Did you guys read about that thing? Or did you see that news piece about that guy? You did? Then it is about due time I get my soapbox and preach. Sorry.
René Margritte. Does that name mean anything to you? If it does and you know where this is going, you can skip my sermon altogether. If not, then read on. I will keep the history lesson as short as possible. He was a Belgian painter born 1898 and died 1967. If you want to know more, head to a library or look him up on wikipedia. I will even give you the link here.
One of his paintings La trahison des images – In English: The treachery of images – is a masterpiece that is as relevant today as it was in 1928-1929 when it was made. This work of art is fairly simple
"Ceci n'est pas une pipe," the painting states. In English this translates to: "This is not a pipe." Get it? Do you understand the point Magritte was trying to bring across? If you do, you are done and the lesson is over. If you do not, do not fret. I did not get it right away either.
At first it appears the painting contradicts itself as it present the image of a pipe and the text "This is not a pipe," but the painting is not lying to you. It is not a pipe and as Magritte commented himself: Try to stuff tobacco into it. It is an image of a pipe. An image of a pipe. This may seem like a petty play on words and as such an exercise in futility. If that is your conclusion then – like me – you have yet to discover the cognitive method this painting presents. Let me explain you the application of this painting.
Say you turn on your TV and watch a news report. What you are presented with is not only the facts of the matter, but the ever increasing tendency towards coverage of emotional impact of these facts yields a lot of subjective material injected into the news and what you are watching is no longer the reality laid out before you. What you see is not reality. It is not a pipe. It is a presented image of reality, and any presentation comes with bias. In some instances more than others and a news show may be rather close to presenting the true reality of a story, but it takes two to a tango and two is a crowd. Let us consider reality TV, shows that should strive to present to you its namesake: reality. What you will encounter is a constructed reality made to entertain you and ease you into a pleasant state of smug superiority. If the 'real' people on screen can be that incompetent, say something that horrible or profoundly stupid, then you – the viewer – are a better person and you should feel good about yourself… at the expense of the stupidity of fellow men. And by the means of editing and casting much of reality TV is constructed to do just this. It is not reality. It is constructed and composed by a producer with this in mind. It is not a pipe.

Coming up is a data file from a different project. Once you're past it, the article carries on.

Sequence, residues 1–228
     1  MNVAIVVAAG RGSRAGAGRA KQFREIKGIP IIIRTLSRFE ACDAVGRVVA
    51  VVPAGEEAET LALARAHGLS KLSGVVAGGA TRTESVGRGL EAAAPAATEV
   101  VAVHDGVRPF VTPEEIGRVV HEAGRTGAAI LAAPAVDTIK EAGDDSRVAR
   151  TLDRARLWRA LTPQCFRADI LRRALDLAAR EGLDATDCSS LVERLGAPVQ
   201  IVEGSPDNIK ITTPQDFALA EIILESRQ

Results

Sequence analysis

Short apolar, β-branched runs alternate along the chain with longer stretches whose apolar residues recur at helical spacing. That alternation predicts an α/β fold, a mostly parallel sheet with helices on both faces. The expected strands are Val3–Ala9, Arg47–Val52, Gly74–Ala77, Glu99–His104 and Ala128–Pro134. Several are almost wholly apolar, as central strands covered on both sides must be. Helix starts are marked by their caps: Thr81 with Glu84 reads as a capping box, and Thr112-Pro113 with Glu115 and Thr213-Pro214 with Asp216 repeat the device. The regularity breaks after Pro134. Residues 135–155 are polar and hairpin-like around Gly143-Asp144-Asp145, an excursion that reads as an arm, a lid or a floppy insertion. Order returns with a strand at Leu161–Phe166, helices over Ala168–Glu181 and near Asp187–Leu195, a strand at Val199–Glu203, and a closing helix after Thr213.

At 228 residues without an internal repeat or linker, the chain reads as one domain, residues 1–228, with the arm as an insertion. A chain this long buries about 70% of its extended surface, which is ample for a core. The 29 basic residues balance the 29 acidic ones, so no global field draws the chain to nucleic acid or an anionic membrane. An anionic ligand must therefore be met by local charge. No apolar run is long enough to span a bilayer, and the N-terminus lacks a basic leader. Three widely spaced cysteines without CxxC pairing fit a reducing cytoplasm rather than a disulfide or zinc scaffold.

A news story is not facts, it is how Fox (or any other channel) presents some facts. Reality TV is not reality, it is the producer's presentation of people and I can start listing everything covered in media, one by one until nothing has been left unlisted. The same goes for any medium and especially the Internet where 99% of the people you 'stumple' upon will lie to get anything they desire from you, be it e-mail, personal information, credit cards etc.
So what can you trust? What can you believe if you believe the painting is not a pipe, but an image of a pipe? This way of thinking changes nothing, but adds a layer of skepticism. Always stay true to the source material. What was once "Did you hear this and that happened?," becomes "Did you hear this and that happened, according to source?" And that at the essence is the point of the painting. You are rarely or never given hard truths about anything, but you are given interpretations of truth and reality and everything delivered as such should be received and processed with sketicism and caution that presented material is presented with varying bias.
Here endeth my lesson.